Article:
Called back to work and don't want to go because of COVID-19? Here are your options

RALEIGH (WTVD) -- Don't get too used to that home office because most who are working from home now will eventually be asked to return to the workplace.

But will we be forced to do that despite fears of COVID-19?

"We're gonna all work together to make sure that our economy can get going," Governor Roy Cooper said Monday. "But we want to do it in a safe way and we don't want to put any employee in a risky situation."

But one expert in workplace rules said right now there are no guidelines.

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"There are no real restrictions or requirements for what employers have to do to keep their employees safe," labor law attorney Cate Edwards told ABC11.

But Edwards said employees concerned about contracting the virus by returning to the workplace may have some options.

That's especially true if the worker is older or has a medical condition like heart disease, diabetes or asthma that makes COVID-19 even more deadly.

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"Then you should ask your employer for additional protections. If you're called back to work under those circumstances, it could be considered a disability," the Raleigh attorney said.

And if anyone in your family, including you, has or is believed to have the virus, there are specific exceptions in the new federal Family First Coronavirus Response Act.

"You have additional leave available to you. And that is job protected leave meaning that your job cannot be taken from you for taking that leave," she said.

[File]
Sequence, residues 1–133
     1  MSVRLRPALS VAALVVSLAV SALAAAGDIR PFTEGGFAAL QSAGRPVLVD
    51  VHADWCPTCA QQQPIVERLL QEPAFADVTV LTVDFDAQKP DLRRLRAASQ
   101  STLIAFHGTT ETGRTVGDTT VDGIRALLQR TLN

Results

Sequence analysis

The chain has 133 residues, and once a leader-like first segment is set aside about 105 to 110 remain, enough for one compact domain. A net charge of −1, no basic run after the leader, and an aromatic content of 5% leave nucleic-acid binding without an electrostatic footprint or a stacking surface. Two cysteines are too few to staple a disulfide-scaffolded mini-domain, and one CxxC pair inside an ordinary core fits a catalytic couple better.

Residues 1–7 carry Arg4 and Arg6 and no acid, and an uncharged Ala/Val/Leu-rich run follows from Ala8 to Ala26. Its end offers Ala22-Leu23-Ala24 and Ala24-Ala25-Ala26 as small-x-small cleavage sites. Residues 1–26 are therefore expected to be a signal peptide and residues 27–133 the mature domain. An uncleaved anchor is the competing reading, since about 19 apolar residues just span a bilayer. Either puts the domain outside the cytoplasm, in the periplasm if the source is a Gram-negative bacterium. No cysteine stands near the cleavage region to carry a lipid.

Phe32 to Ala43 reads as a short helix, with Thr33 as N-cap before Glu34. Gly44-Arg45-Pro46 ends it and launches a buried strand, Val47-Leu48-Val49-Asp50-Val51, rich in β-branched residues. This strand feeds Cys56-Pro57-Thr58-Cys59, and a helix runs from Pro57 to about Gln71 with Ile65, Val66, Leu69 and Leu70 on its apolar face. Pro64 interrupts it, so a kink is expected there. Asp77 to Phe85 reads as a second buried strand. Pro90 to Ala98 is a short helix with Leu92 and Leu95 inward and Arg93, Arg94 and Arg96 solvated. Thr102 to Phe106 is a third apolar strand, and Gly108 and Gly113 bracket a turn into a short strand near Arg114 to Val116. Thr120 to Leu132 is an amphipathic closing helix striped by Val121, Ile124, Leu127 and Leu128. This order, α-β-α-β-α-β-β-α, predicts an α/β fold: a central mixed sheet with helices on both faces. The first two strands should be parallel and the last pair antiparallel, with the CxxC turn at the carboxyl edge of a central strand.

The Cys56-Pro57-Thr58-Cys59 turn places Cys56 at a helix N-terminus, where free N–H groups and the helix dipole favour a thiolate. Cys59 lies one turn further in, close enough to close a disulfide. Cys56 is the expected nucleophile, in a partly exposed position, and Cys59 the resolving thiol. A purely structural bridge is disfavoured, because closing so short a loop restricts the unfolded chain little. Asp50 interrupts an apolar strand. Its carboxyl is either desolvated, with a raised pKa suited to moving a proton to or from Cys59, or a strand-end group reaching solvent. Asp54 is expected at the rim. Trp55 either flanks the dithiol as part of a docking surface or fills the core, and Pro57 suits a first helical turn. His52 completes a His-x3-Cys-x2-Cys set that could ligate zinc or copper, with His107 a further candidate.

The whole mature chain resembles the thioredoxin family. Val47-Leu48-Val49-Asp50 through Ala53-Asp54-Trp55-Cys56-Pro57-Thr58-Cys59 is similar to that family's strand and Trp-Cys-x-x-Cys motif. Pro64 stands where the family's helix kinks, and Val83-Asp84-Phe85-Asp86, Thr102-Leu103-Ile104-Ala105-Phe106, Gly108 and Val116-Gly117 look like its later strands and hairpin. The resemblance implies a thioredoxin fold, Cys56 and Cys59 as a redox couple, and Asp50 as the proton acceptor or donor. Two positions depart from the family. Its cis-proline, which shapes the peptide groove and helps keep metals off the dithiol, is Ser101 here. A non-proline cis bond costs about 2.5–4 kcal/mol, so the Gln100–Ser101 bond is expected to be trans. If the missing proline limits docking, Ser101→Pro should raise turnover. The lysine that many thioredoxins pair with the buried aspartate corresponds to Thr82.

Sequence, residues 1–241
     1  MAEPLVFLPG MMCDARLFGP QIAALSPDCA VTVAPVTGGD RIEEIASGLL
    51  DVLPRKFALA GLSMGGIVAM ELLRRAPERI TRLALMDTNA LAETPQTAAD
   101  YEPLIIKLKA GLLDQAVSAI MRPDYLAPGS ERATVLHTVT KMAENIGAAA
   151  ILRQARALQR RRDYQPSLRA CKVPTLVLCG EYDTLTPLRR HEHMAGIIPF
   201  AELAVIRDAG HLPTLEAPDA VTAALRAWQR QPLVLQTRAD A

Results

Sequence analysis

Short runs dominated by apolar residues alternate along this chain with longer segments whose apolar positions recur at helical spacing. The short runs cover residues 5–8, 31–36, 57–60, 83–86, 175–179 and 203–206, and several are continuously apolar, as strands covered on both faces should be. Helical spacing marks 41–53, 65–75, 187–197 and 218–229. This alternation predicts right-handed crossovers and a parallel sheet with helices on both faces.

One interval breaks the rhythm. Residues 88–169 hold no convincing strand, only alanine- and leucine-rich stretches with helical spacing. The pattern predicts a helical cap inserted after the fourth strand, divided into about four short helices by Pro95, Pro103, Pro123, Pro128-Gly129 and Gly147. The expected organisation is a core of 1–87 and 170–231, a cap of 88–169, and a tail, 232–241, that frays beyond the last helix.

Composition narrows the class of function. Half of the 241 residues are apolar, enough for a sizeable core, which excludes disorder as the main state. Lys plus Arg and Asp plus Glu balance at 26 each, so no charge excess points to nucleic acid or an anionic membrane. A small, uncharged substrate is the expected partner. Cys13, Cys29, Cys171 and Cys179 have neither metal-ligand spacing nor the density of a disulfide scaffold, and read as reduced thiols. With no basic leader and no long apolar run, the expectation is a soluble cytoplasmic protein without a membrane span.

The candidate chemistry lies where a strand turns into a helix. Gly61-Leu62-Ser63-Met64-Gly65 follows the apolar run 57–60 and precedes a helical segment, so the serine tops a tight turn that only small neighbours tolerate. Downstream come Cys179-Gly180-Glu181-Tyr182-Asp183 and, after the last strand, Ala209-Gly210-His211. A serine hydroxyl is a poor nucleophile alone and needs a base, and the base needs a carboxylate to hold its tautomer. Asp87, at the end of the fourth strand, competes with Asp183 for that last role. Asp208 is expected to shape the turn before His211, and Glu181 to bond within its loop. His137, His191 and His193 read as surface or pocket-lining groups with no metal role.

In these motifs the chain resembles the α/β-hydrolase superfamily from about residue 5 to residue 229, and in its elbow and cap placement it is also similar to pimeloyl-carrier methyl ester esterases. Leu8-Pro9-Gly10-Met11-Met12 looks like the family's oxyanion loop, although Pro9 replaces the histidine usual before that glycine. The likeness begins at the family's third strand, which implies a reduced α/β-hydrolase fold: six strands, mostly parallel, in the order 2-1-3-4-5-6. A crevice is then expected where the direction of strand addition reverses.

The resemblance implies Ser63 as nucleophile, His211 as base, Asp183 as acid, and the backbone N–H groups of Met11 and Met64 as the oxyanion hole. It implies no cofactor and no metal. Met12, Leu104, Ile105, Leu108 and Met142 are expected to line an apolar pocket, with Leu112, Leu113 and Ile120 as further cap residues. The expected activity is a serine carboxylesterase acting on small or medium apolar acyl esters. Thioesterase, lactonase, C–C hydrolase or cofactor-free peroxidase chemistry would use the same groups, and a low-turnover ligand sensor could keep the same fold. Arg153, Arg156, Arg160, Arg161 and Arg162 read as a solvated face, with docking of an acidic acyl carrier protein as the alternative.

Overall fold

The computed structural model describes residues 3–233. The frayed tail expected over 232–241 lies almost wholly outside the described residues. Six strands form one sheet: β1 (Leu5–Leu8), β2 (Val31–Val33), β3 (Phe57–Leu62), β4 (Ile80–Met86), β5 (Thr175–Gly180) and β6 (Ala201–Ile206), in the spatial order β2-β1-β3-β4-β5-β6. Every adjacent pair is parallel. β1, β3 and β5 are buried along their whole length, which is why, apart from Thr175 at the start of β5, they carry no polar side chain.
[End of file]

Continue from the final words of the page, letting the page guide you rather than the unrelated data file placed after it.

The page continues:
And what if your reason for not being able to return to work isn't fear at all but lack of childcare?

That's also covered under the Family First Act with up to twelve weeks of paid leave.

"And families who have two parents working for example one parent could take leave now and another could reserve that leave for when the other parent has to go back to work," Edwards said.

Congress has also extended unemployment benefits but not if you refuse to return to work.

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Edwards said, however that it's up to the states to enforce those rules and so far North Carolina hasn't issued guidance on that situation.

If you do decide to go back to work and then find the conditions in your workplace aren't safe, Edwards says you should report it to state and federal occupational safety and health officials.

"So that OSHA can conduct an investigation and make any changes that need to be made. And you also are protected from retaliation."

Edwards and the governor believe most employers will do the right thing.

"Generally employers have been pretty good working with employees," Cooper said at the Monday briefing.

But, with so much grey area right now in policy and regulations, Edwards said she won't be surprised to see lawsuits between workers and employers once the courts reopen.

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